Hope Among Patients With Cancer Hospitalized for Bone Marrow Transplantation: A PHENOMENOLOGIC STUDY.
Saleh, Usama S. PhD(c), RN; Brockopp, Dorothy Y. PhD, RN
24(4):308-314, August 2001.
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: This article describes a phenomenologic study designed to further an understanding concerning the concept of hope in a purposive sample of nine patients with cancer hospitalized for bone marrow transplantation. The strategies these patients use to sustain and foster hope are examined. Data collection consisted of a one-time semistructured interview using open-ended questions. A phenomenologic-hermeneutic approach to data analysis was used to identify major themes. The findings showed that participants used six strategies to foster their hope during preparation for BMT: feeling connected with God, affirming relationships, staying positive, anticipating survival, living in the present, and fostering ongoing accomplishment. Religious practices and family members were the most frequently identified sources of hope. The findings of this study provide a base for the improvement of nursing practice.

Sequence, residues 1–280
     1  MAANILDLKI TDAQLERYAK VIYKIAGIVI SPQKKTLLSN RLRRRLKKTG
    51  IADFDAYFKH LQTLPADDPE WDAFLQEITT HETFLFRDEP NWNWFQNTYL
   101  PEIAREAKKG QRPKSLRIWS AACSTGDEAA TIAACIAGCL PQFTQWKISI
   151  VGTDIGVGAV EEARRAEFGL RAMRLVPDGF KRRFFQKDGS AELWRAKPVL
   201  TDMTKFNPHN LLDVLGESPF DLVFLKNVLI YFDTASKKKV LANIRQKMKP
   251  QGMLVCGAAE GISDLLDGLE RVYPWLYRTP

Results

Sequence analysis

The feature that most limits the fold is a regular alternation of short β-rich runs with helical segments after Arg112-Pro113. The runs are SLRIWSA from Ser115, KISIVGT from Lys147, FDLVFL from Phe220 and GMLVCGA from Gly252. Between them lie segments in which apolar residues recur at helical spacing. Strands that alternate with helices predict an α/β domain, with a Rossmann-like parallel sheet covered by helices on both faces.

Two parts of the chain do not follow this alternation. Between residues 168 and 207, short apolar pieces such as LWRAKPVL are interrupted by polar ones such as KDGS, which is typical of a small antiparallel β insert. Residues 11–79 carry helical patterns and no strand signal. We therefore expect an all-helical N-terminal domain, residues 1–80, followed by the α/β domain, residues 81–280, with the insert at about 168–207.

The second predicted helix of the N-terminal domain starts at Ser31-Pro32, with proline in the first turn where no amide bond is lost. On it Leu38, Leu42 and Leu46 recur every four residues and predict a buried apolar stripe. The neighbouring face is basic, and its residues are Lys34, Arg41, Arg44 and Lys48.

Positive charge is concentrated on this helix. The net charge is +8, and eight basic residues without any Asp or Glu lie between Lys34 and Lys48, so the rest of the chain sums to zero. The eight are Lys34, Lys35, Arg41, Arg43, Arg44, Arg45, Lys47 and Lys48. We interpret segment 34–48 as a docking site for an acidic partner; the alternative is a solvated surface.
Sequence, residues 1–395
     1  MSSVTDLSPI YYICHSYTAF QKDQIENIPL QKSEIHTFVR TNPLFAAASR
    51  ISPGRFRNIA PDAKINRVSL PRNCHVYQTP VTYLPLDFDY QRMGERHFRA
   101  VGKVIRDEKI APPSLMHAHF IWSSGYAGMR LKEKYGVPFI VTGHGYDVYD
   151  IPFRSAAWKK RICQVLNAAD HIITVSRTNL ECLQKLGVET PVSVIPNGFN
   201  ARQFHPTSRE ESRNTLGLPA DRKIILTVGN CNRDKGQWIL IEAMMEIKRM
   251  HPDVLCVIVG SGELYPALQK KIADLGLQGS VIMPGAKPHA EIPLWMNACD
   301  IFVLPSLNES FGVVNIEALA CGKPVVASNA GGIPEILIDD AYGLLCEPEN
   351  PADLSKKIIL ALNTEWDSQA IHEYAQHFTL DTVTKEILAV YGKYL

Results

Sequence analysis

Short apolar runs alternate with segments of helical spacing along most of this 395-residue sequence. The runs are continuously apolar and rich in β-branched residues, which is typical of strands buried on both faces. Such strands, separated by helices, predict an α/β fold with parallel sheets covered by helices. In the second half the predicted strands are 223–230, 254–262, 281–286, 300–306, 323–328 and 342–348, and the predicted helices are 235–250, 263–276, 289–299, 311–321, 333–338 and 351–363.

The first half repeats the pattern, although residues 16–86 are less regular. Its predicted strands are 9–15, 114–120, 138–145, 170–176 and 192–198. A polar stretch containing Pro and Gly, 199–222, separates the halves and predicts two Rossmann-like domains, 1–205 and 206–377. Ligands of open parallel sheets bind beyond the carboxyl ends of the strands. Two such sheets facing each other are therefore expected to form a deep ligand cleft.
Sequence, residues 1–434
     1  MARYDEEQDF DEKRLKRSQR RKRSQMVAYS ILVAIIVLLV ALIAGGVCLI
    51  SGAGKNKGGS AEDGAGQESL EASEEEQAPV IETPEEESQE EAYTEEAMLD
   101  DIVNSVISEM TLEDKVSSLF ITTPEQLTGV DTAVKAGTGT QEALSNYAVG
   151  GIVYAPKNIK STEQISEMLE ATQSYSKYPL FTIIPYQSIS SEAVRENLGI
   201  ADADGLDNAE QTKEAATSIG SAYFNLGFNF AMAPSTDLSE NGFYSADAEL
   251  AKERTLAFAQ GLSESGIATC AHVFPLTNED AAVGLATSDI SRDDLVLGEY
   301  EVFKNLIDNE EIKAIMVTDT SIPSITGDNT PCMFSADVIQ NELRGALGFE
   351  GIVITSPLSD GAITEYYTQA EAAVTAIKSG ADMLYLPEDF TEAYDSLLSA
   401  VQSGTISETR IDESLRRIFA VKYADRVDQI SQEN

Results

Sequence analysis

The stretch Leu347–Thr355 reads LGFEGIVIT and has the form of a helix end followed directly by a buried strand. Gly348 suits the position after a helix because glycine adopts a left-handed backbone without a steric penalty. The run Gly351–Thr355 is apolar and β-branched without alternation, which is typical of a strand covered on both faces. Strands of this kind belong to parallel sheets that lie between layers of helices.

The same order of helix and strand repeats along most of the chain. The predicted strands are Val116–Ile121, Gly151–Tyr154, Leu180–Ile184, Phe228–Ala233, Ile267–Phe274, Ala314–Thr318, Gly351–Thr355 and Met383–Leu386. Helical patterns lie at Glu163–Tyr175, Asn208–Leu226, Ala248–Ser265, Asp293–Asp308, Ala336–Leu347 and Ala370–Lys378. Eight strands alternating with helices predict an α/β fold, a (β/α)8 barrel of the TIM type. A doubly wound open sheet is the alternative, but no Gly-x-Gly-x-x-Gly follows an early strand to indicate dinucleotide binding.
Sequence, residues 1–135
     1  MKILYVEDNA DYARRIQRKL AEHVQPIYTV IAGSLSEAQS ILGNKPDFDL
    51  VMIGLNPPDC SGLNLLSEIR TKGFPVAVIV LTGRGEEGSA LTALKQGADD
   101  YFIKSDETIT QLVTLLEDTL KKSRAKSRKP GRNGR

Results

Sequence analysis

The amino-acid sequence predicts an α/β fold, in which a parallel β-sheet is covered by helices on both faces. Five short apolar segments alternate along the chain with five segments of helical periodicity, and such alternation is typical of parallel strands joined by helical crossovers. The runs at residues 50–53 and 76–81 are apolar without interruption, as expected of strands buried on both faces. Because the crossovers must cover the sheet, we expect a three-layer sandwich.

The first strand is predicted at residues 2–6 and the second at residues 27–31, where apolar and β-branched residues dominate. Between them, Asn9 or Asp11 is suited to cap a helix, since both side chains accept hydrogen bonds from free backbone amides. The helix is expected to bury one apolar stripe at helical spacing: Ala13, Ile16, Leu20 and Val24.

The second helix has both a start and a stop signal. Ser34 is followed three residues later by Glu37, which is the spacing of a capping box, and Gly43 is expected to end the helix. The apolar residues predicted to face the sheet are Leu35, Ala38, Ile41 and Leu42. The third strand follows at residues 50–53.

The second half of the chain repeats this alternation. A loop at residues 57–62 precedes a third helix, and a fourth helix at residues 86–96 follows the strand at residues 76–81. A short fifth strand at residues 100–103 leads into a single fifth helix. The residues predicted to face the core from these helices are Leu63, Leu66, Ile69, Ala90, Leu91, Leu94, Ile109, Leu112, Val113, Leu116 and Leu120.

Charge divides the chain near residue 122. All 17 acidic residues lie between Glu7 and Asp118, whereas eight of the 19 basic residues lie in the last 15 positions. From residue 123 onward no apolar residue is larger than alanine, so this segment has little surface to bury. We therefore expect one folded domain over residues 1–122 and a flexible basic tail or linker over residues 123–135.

(C) 2001 Lippincott Williams & Wilkins, Inc.